Delaware State University Cancels More Than $700,000 in Debt For Graduates Hurt By Coronavirus Pandemic

Delaware State University Cancels More Than $700,000 in Debt For Graduates Hurt By Coronavirus Pandemic

Delaware State University (DSU) will cancel $730,655 in student loan debt for more than 220 graduates who have been hurt by the coronavirus pandemic.

DSU will pay off the debts for students through funds the HBCU received from President Joe Biden‘s American Rescue Plan, according to a university press release. DSU added the average eligible student will qualify for about $3,276 in relief.

“Too many graduates across the country will leave their schools burdened by debt, making it difficult for them to rent an apartment, cover moving costs, or otherwise prepare for their new careers or graduate school,” Antonio Boyle, DSU’s vice president for strategic enrollment management said. “While we know our efforts won’t help with all of their obligations, we all felt it was essential to do our part.”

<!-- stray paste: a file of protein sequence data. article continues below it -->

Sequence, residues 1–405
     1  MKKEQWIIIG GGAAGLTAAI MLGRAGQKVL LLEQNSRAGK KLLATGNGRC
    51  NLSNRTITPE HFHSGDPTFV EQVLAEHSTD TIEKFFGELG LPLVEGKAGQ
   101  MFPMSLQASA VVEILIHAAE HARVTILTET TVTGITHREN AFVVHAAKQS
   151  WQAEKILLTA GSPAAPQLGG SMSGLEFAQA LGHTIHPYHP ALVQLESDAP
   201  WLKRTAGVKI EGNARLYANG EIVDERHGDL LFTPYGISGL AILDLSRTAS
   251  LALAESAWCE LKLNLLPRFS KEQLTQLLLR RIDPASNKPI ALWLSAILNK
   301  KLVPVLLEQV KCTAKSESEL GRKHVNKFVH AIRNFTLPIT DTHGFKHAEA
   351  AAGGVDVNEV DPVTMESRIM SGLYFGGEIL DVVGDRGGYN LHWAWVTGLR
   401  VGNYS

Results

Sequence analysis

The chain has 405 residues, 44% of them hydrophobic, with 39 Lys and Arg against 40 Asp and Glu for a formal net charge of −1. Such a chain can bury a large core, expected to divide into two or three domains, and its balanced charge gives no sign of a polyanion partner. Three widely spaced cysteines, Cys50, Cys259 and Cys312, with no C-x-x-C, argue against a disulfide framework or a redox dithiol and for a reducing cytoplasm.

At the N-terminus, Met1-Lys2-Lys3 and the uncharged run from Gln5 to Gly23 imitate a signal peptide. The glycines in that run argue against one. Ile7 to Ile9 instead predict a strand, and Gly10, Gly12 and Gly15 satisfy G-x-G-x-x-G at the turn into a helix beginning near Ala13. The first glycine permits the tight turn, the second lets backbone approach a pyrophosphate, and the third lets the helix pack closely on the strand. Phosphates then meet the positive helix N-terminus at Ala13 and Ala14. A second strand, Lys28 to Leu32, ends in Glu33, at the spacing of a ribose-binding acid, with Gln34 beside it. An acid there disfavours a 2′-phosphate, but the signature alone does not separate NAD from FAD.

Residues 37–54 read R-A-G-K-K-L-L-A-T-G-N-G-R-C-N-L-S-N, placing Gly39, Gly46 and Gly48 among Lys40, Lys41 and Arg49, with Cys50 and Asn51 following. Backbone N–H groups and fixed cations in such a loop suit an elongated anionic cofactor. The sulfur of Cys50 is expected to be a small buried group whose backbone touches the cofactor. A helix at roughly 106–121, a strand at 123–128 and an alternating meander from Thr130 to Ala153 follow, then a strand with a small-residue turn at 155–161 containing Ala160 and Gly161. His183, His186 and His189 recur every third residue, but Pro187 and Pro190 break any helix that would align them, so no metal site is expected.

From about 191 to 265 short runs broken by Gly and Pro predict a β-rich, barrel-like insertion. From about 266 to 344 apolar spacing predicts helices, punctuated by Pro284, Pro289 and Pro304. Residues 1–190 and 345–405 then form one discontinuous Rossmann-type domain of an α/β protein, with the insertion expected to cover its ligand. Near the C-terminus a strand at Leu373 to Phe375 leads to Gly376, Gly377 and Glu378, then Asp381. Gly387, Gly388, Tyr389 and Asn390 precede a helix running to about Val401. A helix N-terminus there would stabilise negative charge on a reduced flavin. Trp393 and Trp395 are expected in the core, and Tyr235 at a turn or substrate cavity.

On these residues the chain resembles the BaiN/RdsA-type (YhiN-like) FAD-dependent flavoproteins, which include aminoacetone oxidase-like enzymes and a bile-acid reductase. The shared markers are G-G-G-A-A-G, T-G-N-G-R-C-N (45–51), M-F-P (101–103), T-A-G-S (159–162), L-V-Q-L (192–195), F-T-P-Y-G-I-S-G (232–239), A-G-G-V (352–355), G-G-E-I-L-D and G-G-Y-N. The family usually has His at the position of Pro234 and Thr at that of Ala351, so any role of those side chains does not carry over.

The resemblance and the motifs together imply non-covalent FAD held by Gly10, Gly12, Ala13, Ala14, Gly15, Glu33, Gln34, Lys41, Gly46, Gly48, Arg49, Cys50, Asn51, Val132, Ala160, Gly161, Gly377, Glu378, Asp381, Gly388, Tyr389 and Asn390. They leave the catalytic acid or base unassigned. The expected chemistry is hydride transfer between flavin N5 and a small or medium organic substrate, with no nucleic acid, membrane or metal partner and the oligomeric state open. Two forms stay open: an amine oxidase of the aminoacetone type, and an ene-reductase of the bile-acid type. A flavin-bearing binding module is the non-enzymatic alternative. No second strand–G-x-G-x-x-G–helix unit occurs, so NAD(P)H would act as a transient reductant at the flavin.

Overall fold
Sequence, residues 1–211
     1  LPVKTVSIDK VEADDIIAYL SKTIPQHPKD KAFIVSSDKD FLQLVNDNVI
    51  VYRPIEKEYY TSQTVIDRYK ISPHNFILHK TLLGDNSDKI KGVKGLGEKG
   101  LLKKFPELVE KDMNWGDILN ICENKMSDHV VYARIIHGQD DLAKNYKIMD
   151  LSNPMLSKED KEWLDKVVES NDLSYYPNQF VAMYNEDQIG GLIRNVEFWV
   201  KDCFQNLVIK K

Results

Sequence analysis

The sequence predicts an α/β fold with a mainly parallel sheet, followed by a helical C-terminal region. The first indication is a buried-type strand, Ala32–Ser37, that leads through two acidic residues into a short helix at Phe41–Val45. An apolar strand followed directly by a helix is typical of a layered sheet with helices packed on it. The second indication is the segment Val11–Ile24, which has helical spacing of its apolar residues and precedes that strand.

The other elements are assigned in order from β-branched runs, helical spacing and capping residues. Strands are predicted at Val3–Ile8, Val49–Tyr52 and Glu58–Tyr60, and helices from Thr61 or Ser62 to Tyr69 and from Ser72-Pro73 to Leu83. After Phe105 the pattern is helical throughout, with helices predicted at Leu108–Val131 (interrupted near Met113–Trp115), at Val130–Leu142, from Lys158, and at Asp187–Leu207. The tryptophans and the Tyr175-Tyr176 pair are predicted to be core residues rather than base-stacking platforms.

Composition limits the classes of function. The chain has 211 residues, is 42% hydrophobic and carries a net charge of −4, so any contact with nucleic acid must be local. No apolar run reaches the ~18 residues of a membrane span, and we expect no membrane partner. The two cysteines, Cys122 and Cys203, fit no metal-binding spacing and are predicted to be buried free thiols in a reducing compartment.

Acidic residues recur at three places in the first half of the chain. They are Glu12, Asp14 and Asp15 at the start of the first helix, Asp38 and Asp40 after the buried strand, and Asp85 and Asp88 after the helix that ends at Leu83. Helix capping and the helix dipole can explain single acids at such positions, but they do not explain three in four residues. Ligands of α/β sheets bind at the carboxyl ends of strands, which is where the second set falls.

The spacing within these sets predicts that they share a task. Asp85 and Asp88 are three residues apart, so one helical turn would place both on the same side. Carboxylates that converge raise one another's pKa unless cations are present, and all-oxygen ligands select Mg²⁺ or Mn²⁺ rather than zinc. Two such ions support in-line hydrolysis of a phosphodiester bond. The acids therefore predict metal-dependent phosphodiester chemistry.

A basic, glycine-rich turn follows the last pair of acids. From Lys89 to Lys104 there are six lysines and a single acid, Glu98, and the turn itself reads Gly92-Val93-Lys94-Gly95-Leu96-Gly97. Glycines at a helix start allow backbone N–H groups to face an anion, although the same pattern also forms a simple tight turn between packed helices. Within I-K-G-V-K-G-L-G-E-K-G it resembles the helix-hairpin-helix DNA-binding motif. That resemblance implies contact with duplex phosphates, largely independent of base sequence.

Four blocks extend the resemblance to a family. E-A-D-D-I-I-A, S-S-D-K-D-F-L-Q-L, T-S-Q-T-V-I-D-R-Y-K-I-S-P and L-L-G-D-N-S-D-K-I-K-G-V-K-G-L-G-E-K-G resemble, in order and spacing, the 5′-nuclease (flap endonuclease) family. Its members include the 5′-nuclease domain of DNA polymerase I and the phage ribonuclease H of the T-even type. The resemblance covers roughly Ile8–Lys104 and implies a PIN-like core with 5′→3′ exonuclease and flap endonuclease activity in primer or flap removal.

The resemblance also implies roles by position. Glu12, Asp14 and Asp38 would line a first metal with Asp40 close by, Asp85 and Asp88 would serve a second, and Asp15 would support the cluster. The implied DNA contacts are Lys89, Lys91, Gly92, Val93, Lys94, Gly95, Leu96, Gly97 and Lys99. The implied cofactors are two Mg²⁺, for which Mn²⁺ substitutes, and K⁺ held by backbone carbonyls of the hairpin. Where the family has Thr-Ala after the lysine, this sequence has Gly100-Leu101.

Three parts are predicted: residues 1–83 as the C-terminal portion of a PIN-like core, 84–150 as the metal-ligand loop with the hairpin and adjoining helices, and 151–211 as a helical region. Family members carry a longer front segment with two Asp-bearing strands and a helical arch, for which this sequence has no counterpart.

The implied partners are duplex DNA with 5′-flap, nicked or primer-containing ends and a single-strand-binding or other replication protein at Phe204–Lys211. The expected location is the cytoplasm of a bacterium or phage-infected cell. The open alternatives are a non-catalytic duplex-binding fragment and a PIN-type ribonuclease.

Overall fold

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Student loan debt is the third-highest debt in the U.S at $1.57 trillion. According to Experian, student loan debt rose by $583.9 billion last year, a 114% increase from 2019. Democratic lawmakers and student loan cancellation advocates are still pushing President Biden to cancel all student loan debt, but many remain skeptical about the president’s desire and ability to fulfill those plans.

The Progressive Change Campaign Committee and the American Civil Liberties Union told The Hill they’re encouraged by the appointment of Richard Cordray, a former Consumer Financial Protection Bureau (CFPB) director, as chief operating officer of Federal Student Aid at the Education Department.

The organizations and politicians want Biden to cancel $50,000 per borrower, while Biden has expressed a desire to cancel just $10,000 per borrower.

DSU President Tony Allen said the debt relief is paramount for DSU graduates who came to college to change their futures, not spend the rest of their lives paying off the degree they received.

“Our students don’t just come here for a quality college experience,” Allen said in the release. “Most are trying to change the economic trajectory of their lives for themselves, their families, and their communities.  Our responsibility is to do everything we can to put them on the path.”